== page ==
When we think about entering a relationship, we tend to focus on the qualities we are looking for in a potential partner. Sometimes we become so fixated on the traits we want from the other person that we lose sight of all of the amazing qualities we have to offer. If we do not acknowledge our own attributes, we handicap our chances of entering a healthy relationship in two ways: 1) We do not present our truest, best selves and 2) We end up settling for someone, believing we do not deserve more.
As gay men, we have a greater tendency than our heterosexual counterparts to play down our strengths. This does not mean we are unworthy. It just means that—because we have endured issues that affected our identity development while growing up—our self-esteem may have taken a hit.
Self-acceptance is key to our mental and emotional health; however, societal homophobia and heterosexism have been shown to interfere with the development of self-acceptance (Weber-Gilmore et al, 2011). When we are bombarded with messages geared to a heterosexual population, the development of own healthy identities may be thwarted, since “normal models” rarely relate to our experience. Further compounding the issue is the outright rejection of our sexual-minority status through homophobic images and messaging.
In addition, unlike other minority groups (e.g., Hispanics and African Americans), we likely did not grow up in a family or community that shared, embraced, and supported our sexual orientation (Morrow, 2004). For example, if teased at school about being gay, most of us did not return home to gay parents or siblings who would help us take pride in this difference and incorporate it into our identities.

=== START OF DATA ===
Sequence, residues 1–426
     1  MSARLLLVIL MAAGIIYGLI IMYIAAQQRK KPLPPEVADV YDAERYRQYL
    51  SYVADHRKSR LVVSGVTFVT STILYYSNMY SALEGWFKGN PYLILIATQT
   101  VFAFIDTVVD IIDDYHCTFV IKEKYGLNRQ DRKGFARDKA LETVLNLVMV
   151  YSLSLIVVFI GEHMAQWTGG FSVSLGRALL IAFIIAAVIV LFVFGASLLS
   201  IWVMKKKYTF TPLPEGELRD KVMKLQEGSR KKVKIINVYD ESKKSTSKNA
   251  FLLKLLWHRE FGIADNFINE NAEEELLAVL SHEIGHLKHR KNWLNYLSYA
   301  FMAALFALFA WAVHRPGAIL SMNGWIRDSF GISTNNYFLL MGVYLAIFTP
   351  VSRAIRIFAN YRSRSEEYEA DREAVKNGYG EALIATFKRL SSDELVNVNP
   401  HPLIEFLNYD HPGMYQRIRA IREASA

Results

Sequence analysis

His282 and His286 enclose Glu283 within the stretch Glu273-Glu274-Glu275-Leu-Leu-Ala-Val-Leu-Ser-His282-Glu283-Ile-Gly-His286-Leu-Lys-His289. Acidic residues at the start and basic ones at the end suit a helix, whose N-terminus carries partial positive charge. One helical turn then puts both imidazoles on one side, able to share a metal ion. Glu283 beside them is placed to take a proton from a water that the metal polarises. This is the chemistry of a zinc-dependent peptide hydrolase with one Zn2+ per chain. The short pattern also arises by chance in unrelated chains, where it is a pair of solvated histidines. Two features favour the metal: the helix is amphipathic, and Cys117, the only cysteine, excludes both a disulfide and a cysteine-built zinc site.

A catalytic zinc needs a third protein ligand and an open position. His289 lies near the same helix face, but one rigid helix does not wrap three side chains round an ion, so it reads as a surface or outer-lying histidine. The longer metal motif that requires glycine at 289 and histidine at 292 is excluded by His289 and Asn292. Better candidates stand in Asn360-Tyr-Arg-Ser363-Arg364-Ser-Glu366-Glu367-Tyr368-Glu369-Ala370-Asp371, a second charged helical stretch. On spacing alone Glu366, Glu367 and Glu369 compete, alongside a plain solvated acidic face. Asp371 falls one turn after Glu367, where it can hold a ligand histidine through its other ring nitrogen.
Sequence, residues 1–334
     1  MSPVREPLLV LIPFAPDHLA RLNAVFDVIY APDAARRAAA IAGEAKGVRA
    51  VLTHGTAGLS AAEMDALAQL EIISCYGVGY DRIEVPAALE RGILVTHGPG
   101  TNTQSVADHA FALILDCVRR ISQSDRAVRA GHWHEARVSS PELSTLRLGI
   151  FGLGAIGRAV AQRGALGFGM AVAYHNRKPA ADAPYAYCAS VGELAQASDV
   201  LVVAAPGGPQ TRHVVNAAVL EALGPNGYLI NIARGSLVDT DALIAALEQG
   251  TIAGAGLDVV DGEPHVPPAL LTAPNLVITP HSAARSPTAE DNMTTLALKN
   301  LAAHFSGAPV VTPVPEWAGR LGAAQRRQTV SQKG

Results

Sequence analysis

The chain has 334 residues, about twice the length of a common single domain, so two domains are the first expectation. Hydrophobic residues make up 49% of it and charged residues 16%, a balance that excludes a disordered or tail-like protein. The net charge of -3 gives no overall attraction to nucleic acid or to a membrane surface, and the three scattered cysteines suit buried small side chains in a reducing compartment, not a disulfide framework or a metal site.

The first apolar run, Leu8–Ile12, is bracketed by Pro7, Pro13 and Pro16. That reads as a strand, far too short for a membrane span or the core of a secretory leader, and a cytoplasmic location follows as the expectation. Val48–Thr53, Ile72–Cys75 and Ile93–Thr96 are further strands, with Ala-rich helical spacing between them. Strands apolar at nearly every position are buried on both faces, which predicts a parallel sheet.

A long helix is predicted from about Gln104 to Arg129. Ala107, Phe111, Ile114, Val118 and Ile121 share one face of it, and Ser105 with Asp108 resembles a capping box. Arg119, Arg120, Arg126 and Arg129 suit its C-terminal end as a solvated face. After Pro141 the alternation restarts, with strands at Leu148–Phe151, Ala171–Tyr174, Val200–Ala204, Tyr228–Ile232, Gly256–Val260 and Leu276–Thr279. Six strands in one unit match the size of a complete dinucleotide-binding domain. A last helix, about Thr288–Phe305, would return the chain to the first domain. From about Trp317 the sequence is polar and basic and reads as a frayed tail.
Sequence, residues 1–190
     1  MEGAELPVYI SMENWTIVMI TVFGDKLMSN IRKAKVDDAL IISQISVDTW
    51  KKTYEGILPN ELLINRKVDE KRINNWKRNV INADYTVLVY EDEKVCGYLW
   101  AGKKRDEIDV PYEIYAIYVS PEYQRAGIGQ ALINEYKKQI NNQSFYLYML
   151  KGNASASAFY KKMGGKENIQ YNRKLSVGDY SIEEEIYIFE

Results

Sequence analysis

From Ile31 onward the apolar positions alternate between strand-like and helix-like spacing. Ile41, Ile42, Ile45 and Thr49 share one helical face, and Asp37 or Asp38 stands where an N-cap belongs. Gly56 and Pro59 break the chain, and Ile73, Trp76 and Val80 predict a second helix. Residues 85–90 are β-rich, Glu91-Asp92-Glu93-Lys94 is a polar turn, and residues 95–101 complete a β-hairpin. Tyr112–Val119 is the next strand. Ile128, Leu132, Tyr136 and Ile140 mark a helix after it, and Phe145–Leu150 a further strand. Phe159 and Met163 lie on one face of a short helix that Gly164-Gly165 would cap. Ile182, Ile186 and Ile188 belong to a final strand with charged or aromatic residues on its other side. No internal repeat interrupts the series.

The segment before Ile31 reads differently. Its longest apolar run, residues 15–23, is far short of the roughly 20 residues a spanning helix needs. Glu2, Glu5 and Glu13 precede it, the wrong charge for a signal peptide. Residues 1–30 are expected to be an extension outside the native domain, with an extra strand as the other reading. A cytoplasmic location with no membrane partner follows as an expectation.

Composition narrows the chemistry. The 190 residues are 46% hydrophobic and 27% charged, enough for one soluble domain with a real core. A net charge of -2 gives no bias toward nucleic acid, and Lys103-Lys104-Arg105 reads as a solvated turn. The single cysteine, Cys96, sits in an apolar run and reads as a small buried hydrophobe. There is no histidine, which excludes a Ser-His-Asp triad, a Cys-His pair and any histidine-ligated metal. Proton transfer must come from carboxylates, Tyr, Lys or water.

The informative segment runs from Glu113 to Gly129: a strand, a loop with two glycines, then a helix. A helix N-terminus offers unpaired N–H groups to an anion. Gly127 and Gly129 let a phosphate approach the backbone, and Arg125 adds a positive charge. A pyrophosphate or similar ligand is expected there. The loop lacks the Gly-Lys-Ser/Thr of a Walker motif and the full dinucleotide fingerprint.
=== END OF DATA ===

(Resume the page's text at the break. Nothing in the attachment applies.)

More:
How do we get a better sense of ourselves? We begin by making a list of our qualities—first by asking ourselves what our attributes are, and then by asking our friends and family members what they observe to be our strengths. If we rely solely on our own observations, we will likely cut ourselves short—either because we simply do not see our gifts, or we are too shy or insecure to acknowledge them.
Next, we must actually believe everything we have listed. A simple exercise for realizing how great we truly are is this: For each trait we have trouble accepting, write that trait on the top of a sheet of paper and learn to “own” it. For example, “I am kind.” Under that attribute, create two columns—one that says “Evidence For” and the other labeled “Evidence Against.” Then fill out each column. Be objective here; do not allow self-doubt to detract from the positive evidence. Revisit this exercise the day after initially working on it, because a new day will provide fresh perspective and new evidence.
When we examine what we have written, our strengths should become more obvious to us. We will often find that we were not allowing ourselves to fully appreciate our qualities.
Embracing what we have to offer the world will increase our self-esteem, which will, in turn, attract potential suitors. Then we will be in a better place to decide who deserves an opportunity to be in a healthy, intimate relationship with us.
Morrow, D.F. (2004). Social Work Practice With Gay, Lesbian, Bisexual, and Transgender Adolescents. Families in Society, 85, 91- 99.
Weber-Gilmore, G., Rose, S., & Rubinstein, R. (2011). The Impact of Internalized Homophobia on Outness for Lesbian, Gay, and Bisexual Individuals. The Professional Counselor, 1(3), 163-175.
Israel Martinez, LCSW
I am a psychotherapist who has been working with the LGBT community on a professional basis for over ten years. This background provides me with unique expertise on issues that tend to be a part of the lesbian, gay, bisexual, and transgender experience.